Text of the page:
Just over six years ago, as legend has it, George H. W. Bush weighed in on the invasion of Iraq that his son seemed hell-bent on pursuing, deputizing his old confidante Brent Scowcroft to deliver a very public warning to the president.
Mr. Scowcroft’s resulting op-ed, published in The Wall Street Journal and titled “Don’t Attack Saddam,” presciently decreed that any invasion “is certain to divert us for some indefinite period from our war on terrorism.” It fell on deaf ears in the White House, and the war commenced a few months later.
The elder Mr. Bush’s hand again seemed to be at work four years later, when, with public frustration with the war reaching its breaking point, James A. Baker took the reins of the Iraq Study Group, the bipartisan panel that proposed a strategy for withdrawing troops from Iraq and reengaging diplomatically with the rest of the Middle East. This, too, was ignored by the president.
George H. W. Bush played no public role in either episode, but they both nonetheless confirmed just how radically the second President Bush had departed from the worldview of his father, who passed on an open invitation to invade Baghdad and who made maintaining relationships with the rest of the world a priority.
Perhaps the most ironic legacy of George W. Bush’s presidency is the service it has done to the reputation of his father, who seemed destined to be remembered as an unaccomplished one-termer when he lost his reelection bid (with just 37 percent of the vote) in 1992. By serially violating the basic principles that informed his father’s foreign policy and incurring such ghastly consequences, the younger Mr. Bush has stirred a widespread reassessment: The leadership that Americans took for granted under his father now seems like uncommon wisdom from a better, bygone era.
And now, with only weeks remaining in the second Bush administration, that sentiment is being validated by the incoming Democratic president, a man who opposed the Iraq war back when Mr. Scowcroft did; who has repeatedly lamented that “we have taken our eye off the ball” in Afghanistan because of it; and who has unapologetically championed the kind of aggressive diplomacy endorsed by the Iraq Study Group.
On Monday, Barack Obama, after much anticipation, trotted out the principal players on his national security team. Hillary Clinton, his selection for secretary of state, generated the most attention, but the bigger story could be found in two of his other picks: James L. Jones as national security adviser, and Robert Gates, who will keep his post as defense secretary.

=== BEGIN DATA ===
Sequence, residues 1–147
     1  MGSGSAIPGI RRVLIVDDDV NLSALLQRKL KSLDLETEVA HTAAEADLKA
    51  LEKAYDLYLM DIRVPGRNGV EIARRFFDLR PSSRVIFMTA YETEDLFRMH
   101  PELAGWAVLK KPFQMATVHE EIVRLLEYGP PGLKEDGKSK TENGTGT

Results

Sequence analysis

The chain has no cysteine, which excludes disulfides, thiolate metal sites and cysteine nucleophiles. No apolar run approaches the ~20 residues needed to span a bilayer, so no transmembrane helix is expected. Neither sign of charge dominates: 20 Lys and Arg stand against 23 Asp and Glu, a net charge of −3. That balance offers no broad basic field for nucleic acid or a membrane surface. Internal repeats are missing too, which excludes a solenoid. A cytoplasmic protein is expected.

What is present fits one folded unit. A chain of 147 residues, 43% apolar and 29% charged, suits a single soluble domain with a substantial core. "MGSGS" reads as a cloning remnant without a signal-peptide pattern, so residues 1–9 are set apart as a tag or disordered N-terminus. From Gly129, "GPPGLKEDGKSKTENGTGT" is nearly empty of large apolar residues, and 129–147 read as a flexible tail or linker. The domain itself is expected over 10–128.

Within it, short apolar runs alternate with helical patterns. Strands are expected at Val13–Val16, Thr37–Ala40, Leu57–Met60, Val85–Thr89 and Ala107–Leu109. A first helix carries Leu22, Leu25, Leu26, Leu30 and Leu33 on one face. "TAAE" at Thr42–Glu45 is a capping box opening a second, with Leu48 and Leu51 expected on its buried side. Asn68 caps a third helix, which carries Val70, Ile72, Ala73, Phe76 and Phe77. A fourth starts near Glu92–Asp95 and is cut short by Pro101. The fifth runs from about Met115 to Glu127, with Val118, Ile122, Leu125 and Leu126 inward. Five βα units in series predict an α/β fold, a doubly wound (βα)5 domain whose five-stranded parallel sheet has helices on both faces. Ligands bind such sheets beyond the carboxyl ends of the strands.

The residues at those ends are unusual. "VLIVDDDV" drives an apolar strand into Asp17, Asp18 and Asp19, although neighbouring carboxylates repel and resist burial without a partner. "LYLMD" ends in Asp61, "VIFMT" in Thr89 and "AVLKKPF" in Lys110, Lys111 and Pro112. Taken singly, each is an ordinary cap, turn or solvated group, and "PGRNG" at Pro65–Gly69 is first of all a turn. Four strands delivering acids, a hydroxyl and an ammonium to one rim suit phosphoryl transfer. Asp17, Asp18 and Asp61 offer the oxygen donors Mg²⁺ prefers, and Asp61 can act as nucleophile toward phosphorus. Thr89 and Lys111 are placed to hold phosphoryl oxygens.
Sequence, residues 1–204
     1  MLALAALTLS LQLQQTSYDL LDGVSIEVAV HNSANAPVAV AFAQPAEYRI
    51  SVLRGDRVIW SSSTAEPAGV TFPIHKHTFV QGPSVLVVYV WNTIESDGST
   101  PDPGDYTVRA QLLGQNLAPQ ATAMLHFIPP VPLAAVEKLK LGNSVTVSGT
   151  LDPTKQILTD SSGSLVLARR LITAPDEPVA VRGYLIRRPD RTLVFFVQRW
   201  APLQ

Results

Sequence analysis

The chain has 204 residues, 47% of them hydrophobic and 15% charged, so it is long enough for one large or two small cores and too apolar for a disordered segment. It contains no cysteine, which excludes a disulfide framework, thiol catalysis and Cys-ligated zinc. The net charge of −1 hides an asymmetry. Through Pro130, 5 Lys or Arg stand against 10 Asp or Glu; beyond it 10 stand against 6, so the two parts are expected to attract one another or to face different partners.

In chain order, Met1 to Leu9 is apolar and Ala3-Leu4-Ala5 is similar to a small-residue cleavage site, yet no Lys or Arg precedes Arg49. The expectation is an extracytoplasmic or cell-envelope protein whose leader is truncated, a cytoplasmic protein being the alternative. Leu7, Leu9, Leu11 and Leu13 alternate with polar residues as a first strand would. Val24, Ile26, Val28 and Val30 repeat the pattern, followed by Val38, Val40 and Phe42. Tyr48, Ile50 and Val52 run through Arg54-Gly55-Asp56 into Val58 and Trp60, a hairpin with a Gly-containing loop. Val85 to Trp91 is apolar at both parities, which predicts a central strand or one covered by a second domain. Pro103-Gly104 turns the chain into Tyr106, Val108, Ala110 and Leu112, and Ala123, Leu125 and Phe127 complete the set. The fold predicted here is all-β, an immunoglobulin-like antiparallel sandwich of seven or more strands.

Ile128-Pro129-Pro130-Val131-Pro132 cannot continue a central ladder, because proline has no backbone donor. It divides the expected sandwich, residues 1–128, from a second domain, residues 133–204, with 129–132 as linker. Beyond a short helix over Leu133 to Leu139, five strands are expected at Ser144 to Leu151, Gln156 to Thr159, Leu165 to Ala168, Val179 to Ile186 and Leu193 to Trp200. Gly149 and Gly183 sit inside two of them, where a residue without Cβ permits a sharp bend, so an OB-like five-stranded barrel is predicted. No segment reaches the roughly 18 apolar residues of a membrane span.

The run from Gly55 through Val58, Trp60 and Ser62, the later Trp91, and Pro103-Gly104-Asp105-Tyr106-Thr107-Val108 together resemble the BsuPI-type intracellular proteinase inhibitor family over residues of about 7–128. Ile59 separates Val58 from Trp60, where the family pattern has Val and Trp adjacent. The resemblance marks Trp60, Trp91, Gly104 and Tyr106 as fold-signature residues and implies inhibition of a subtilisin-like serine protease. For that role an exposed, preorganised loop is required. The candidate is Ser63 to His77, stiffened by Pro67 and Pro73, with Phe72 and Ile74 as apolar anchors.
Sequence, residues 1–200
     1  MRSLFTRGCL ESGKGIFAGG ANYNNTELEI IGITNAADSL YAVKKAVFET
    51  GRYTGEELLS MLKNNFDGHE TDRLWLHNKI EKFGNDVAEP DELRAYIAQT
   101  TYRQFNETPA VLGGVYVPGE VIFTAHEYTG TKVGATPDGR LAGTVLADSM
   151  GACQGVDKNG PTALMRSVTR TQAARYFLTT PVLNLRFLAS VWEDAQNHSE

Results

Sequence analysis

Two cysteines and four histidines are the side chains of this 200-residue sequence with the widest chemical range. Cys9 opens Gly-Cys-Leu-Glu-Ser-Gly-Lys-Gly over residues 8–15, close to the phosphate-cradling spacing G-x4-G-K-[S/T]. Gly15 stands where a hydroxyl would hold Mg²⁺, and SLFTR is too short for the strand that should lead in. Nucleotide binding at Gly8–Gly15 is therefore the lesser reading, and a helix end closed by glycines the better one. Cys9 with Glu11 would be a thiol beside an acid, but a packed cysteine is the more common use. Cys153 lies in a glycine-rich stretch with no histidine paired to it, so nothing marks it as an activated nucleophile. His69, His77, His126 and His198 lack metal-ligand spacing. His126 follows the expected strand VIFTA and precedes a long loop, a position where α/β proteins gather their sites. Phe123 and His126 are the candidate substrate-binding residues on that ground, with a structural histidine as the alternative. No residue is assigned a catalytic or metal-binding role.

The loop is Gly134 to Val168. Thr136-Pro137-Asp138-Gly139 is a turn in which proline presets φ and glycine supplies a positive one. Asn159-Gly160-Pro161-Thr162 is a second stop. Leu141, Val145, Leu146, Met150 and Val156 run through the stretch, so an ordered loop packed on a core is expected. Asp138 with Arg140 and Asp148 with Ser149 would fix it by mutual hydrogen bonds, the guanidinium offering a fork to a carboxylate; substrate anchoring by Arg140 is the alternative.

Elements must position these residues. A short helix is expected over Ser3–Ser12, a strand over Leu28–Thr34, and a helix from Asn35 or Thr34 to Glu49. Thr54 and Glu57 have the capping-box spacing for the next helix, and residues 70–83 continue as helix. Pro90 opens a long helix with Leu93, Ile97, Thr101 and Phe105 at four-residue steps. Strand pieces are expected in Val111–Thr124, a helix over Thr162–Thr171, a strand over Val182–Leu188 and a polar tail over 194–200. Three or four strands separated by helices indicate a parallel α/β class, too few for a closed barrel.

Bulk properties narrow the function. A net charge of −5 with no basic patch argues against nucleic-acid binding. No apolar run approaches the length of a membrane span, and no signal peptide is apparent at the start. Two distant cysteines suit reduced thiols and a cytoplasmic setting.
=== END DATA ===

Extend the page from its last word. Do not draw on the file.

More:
Both are well known in the Washington world—Mr. Jones, a former NATO supreme allied commander, was once the Marine liaison to the Senate, and Mr. Gates spent years with the C.I.A. (and was the agency’s director under George H. W. Bush) and served on the National Security Council in the 1970s—and both are associated with the realist thinking that prevailed under the first President Bush.
Consider Mr. Gates, whose selection as defense secretary in late 2006 was seen as one of George W. Bush’s very few nods to his father. In many ways, he is a protégé of both Mr. Scowcroft and Zbigniew Brzezinski, the two realists who served as national security advisor when Mr. Gates was with the N.S.C. Even though Mr. Brzezinski is a Democrat who served under Jimmy Carter, he has made his respect for George H. W. Bush clear, endorsing him in 1988 and rating him as America’s best post-Cold War president in his 2007 book, Second Chance.
Mr. Gates was also a member of the Iraq Study Group when he was nominated for defense in ’06.
Then there’s Mr. Jones, who with his West Wing office and near-constant access to the president, will arguably enjoy a more intimate working relationship with Mr. Obama than Mrs. Clinton will. He has echoed Mr. Obama’s view that the Iraq war has hindered U.S. efforts in Afghanistan. Perhaps more interesting, he is deeply uncomfortable with Donald Rumsfeld. He refused back in ’01 even to interview for the position of chairman of the Joint Chiefs of Staff under Mr. Rumsfeld, and subsqequently declined several other opportunities to join the Bush administration.
After his ’92 defeat, George H. W. Bush took to declaring in an almost pleading voice that “history will remember us kindly.” Whether history will do so is still unclear, but Barack Obama clearly does.
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